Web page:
Ride Across Britain 3 & 4: Two epic stages
By Sarah Storey | Wednesday, June 16, 2010 10.30am
By day three of the Deloitte Ride Across Britain everyone was ready for some better weather, and we were not disappointed. Strange as it was to be woken at 3am by the daylight coming through the curtains, we were grateful for the blue skies as we set off on what would be the first of two incredibly epic stages. Back-to-back days of 130 miles [212 kilometres] were going to be a huge challenge, and long days were predicted for everyone.
For me it was about starting more steadily and surviving what would be the longest distances I’d ever ridden, beating my previous longest of 175km by some margin. Looking at the route profile, it seemed as though 7 hours 30 minutes would be a good time – so when I averaged 34kph for the first hour it was something of a surprise.
For the first of the two long stages I was riding solo. My Ironman bike buddy was planning a later start, so I had the opportunity to enjoy the company of my husband, who drafted me until his rear mech slipped into his rear wheel and there was he had to stop for mechanics. I carried on solo, passing groups of people as I rode towards the first pit stop of the day on the other side of the Glen Coe range.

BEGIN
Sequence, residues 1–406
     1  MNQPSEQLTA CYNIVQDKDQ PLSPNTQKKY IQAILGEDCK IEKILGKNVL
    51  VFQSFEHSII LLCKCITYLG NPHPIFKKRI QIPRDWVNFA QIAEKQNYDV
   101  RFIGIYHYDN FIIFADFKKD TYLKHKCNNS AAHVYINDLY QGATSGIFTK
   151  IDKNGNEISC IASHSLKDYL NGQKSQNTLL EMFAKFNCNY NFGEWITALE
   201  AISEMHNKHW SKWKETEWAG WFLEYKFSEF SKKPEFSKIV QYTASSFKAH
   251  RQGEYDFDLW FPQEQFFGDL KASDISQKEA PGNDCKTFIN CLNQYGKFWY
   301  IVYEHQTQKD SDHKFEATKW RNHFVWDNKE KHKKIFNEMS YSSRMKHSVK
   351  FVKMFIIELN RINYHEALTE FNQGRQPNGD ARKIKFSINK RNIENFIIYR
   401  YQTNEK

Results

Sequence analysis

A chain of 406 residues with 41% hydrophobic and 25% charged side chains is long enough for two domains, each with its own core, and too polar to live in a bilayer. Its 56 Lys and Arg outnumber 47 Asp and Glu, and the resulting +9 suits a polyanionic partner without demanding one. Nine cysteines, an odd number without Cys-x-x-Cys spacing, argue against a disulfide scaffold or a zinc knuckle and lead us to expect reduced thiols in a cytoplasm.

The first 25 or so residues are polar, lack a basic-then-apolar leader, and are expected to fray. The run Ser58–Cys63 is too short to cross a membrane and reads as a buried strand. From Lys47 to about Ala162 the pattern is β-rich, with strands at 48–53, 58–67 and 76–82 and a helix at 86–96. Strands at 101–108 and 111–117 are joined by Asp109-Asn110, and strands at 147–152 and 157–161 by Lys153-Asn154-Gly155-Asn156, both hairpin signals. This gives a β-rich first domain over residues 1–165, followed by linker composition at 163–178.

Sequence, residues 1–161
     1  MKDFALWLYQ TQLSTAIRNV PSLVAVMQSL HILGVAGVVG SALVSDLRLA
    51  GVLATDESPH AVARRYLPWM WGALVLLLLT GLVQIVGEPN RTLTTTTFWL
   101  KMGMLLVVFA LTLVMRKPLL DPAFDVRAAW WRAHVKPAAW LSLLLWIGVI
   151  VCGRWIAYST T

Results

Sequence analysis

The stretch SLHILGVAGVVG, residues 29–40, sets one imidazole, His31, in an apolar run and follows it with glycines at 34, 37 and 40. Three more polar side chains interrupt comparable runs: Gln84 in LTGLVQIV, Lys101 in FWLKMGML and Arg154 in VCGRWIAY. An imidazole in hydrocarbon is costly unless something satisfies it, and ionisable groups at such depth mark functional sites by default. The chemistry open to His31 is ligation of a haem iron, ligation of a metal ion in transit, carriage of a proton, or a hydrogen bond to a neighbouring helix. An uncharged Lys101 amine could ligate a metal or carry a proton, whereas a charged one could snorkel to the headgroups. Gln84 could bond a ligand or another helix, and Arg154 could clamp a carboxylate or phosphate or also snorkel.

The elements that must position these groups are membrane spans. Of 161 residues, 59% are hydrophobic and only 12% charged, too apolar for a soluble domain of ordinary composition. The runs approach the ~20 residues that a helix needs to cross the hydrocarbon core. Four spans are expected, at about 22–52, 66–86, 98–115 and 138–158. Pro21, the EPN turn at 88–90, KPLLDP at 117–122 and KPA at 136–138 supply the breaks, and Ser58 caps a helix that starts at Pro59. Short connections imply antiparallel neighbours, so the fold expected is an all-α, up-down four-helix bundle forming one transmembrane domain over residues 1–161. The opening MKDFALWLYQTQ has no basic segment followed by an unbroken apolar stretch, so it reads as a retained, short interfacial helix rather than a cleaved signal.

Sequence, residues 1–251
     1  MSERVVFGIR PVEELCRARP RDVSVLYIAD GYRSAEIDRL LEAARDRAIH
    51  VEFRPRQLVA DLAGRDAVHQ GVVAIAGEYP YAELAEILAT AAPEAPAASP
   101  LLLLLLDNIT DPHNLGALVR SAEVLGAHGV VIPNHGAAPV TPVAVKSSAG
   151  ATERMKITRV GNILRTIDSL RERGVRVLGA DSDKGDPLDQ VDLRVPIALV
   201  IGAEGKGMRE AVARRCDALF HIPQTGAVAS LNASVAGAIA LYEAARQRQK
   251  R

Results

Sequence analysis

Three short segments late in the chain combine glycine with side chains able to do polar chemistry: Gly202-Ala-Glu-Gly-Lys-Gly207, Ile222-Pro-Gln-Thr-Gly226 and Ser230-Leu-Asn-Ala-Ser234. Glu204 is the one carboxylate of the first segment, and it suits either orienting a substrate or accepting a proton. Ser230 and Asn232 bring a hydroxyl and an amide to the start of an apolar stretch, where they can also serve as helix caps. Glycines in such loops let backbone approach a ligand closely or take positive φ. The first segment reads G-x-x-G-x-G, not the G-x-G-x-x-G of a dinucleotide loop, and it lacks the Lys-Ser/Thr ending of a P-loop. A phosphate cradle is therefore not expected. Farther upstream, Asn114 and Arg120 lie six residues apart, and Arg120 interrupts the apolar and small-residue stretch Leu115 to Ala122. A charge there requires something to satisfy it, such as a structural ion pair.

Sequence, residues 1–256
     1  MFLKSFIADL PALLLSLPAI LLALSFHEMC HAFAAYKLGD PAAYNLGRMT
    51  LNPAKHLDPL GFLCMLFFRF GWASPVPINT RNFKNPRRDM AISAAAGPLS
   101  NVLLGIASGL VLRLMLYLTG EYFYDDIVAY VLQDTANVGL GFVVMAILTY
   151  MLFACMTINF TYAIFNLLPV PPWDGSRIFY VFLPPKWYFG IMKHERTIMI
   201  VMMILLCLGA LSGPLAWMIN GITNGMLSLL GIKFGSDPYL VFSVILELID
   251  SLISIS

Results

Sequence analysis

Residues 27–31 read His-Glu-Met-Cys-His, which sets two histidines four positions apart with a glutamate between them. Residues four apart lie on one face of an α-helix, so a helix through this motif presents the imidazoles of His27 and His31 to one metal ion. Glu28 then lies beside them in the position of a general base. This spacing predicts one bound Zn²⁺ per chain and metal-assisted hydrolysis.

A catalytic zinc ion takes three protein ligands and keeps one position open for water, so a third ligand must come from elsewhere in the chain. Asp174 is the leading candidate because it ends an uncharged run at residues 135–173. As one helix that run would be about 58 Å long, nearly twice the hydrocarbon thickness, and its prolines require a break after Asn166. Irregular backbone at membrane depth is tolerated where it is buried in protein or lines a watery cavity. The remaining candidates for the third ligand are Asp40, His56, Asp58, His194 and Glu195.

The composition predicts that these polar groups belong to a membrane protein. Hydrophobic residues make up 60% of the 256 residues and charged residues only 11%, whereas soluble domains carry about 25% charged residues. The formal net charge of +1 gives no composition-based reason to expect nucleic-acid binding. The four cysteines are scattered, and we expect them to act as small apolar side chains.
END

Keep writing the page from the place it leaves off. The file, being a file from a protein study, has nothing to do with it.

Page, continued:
It was a humbling trip to say the least, passing rider after rider, all heading out for the gruelling journey ahead. I passed people with every kind of set up, mountain bikes, trainers and flat pedals, many carrying panniers. It was such a motivating ride as I bid them all a good morning, and felt lucky to be riding a full carbon set up and Zipp 404’s.
The miles slipped by quite comfortably with a tailwind and the beautiful weather helping me along, as well as some breathtaking scenery which made for an easier first half. Before I knew it I was turning to head down the west banks of Loch Lomond and towards the second pit stop. This is where it got quite frightening, as the road was more like a motorway with HGVs, buses and, worst of all, cars towing vans skimming past me with alarming proximity. I spotted a path that was following the lake shore and after a quick nod from my support car, headed onto the path and away from the busy road.
Traversing the banks of the Loch was calm and tranquil and the water looked like a mill pond. All too soon the path ended and I had to rejoin the A82 for the final five miles into the second pit stop. With no one else there, I turned straight round and got back on with the route which took us through a built up area, along a dual carriageway and over the Erksine bridge, via the bike path, thankfully. The views from the bridge were quite spectacular, and with clear skies it was possible to see the planes on their approach to land at the nearby Glasgow Airport.